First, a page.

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What do Polonius's admonitions, beginning "And these few precepts," to Laertes and...

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ayu11 | Student, Undergraduate | eNotes Newbie

Posted May 7, 2007 at 3:15 PM via web

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What do Polonius's admonitions, beginning "And these few precepts," to Laertes and Ophelia in Act I, Scene iii, suggest about court life, and is it good advice?

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Jamie Wheeler | College Teacher | eNotes Employee

Posted May 7, 2007 at 8:37 PM (Answer #1)

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Some of the most familiar quotations in the English language are found in Polonious's advice to Laertes and are considered good advice, among them, (1) "Neither a borrower nor a lender be" and (2) "To thine own self be true." He also advises his son (3) to be friendly but not overly so and (4) to listen more than speak.

As for Ophelia, she is harshly advised to "tender herself more dearly" when she confesses to her father Hamlet's affection (1.3.115). Polonius is afraid she will sleep with him, though Ophelia protests that "he has importuned me in an honorable fashion" (1.3.119-120).

As for what is says about court life, for men, they must meet standards of behavior that are above reproach. Women, well, they'd best be virgins ....

Here is Polonious' speech to Laertes (1.3.60-88)

And these few precepts in thy memory
Look thou character. Give thy thoughts no tongue,
Nor any unproportioned thought his act. [60]
Be thou familiar, but by no means vulgar:
Those friends thou hast, and their adoption tried,
Grapple them unto thy soul with hoops of steel,
But do not dull thy palm with entertainment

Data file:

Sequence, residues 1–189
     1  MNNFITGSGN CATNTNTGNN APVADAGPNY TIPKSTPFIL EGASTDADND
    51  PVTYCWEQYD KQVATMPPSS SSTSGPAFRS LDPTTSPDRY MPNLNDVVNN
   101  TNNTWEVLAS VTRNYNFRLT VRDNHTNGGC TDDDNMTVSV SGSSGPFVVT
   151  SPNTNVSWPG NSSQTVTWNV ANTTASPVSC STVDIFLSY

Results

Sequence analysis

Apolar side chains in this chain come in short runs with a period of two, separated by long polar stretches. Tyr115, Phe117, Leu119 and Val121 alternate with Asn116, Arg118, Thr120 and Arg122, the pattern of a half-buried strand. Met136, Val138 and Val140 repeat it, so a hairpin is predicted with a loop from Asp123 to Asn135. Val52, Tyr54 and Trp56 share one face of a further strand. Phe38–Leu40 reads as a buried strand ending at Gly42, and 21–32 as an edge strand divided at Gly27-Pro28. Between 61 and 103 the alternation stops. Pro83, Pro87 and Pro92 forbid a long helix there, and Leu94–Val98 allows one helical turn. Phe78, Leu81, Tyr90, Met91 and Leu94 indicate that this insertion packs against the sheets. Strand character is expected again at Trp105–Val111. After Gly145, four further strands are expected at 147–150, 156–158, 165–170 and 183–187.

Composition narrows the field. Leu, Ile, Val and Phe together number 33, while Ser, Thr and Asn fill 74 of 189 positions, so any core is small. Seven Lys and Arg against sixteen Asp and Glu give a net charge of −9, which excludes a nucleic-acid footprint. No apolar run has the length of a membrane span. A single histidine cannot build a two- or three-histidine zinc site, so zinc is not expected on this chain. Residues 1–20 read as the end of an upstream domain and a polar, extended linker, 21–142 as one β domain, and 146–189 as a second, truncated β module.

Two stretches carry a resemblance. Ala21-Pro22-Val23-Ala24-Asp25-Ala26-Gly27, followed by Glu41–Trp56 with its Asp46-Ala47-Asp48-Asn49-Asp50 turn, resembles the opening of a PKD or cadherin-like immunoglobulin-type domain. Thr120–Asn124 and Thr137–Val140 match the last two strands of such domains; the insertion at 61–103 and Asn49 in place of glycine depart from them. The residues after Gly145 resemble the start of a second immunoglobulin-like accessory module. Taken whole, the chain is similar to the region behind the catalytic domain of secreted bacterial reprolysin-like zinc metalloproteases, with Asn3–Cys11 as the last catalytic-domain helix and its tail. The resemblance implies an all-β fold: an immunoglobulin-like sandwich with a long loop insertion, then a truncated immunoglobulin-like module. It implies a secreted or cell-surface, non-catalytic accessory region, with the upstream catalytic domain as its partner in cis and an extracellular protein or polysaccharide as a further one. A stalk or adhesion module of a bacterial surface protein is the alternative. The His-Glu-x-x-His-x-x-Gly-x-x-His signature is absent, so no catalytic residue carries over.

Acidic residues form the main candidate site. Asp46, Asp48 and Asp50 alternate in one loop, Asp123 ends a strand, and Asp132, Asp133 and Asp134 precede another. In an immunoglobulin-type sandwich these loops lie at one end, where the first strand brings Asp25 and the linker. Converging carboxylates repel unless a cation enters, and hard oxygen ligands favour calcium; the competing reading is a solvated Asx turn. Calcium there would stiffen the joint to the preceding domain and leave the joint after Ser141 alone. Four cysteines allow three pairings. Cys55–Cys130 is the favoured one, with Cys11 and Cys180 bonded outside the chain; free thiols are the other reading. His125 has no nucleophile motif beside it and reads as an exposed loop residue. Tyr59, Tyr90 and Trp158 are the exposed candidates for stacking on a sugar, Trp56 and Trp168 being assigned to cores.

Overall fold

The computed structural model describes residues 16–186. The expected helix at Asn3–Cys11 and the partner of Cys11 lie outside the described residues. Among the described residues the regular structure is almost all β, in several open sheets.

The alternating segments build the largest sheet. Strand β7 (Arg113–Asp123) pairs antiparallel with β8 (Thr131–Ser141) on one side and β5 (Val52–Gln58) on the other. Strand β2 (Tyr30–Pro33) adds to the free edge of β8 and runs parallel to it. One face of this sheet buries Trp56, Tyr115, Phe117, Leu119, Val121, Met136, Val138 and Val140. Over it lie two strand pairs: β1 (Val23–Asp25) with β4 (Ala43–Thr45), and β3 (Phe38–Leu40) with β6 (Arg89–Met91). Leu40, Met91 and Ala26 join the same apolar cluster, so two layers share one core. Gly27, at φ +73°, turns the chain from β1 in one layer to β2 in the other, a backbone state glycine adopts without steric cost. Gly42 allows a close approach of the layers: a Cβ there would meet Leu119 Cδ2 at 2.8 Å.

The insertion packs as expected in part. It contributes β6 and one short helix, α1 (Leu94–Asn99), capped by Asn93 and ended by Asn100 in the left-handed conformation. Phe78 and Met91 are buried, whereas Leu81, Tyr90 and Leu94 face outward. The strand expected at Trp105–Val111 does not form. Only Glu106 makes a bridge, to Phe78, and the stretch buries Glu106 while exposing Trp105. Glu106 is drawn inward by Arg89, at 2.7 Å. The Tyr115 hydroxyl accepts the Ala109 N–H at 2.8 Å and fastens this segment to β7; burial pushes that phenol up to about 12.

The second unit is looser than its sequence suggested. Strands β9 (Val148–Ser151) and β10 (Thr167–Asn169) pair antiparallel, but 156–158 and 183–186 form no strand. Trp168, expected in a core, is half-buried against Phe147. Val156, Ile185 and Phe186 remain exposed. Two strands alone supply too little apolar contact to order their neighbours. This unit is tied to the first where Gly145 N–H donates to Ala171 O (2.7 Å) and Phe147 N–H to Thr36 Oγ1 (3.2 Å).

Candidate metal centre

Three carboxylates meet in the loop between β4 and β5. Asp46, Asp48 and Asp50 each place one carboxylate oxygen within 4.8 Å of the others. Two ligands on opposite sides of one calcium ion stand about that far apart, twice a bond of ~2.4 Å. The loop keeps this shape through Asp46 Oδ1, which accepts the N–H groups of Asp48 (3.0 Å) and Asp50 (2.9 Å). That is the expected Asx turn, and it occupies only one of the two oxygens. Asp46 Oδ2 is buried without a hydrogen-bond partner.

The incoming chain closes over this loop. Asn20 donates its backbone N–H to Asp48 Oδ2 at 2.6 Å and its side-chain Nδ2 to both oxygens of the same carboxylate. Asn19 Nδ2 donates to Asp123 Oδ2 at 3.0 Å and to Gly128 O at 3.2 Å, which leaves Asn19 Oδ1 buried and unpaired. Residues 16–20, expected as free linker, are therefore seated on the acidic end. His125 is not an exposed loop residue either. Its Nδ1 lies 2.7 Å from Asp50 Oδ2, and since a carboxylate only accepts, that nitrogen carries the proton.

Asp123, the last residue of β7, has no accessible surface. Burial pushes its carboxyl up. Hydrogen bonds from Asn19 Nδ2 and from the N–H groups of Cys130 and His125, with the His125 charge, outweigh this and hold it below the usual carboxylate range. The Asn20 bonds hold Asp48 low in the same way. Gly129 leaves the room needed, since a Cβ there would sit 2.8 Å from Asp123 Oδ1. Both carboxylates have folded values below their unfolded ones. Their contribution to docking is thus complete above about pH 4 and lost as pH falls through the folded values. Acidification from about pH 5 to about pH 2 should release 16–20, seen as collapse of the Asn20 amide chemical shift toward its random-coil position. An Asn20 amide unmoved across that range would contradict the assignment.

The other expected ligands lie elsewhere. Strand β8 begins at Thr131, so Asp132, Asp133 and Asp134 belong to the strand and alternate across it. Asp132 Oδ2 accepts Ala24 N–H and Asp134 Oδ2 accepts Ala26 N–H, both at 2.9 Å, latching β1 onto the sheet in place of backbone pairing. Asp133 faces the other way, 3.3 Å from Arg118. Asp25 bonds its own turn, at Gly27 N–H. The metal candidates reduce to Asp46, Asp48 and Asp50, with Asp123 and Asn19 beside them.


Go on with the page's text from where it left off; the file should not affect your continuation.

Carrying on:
Of each new-hatched, unfledged courage. Beware [65]
Of entrance to a quarrel, but being in,
Bear't that th' opposed may beware of thee.
Give every man thy ear, but few thy voice,
Take each man's censure, but reserve thy judgment.
Costly thy habit as thy purse can buy, [70]
But not expressed in fancy, rich, not gaudy,
For the apparel oft proclaims the man,
And they in France of the best rank and station
Are of a most select and generous chief in that.
Neither a borrower nor a lender be, [75]
For loan oft loses both itself and friend,
And borrowing dulleth th' edge of husbandry.
This above all: to thine own self be true,
And it must follow, as the night the day,
Thou canst not then be false to any man. [80]
Farewell, my blessing season this in thee!

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zumba96 | TA , Grade 11 | (Level 2) Valedictorian

Posted November 27, 2014 at 2:56 AM (Answer #2)

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Towards Ophelia he basically tells her to be careful with Hamlet as nothing good will come out of it. It is not wise to continue meeting with him and he does not want his honor to be ruined. His daughter's honor as well, but firstly he does not want HIS honor to be ruined. As for Laertes, what he is trying to say becomes utterly confusing. Do this but not this. This but definitely not this. There are so many juxtaposing factors in this speech it is unsure what he wants him to fully do. But as Laertes goes to Paris he wants to keep him in check and give "good advice". The main 4 things he meant for Laertes was

1) don't borrow money but don't lend it either

2) Be true to yourself 

3) Be friendly but don't be too friendly

4) Listen more then you speak

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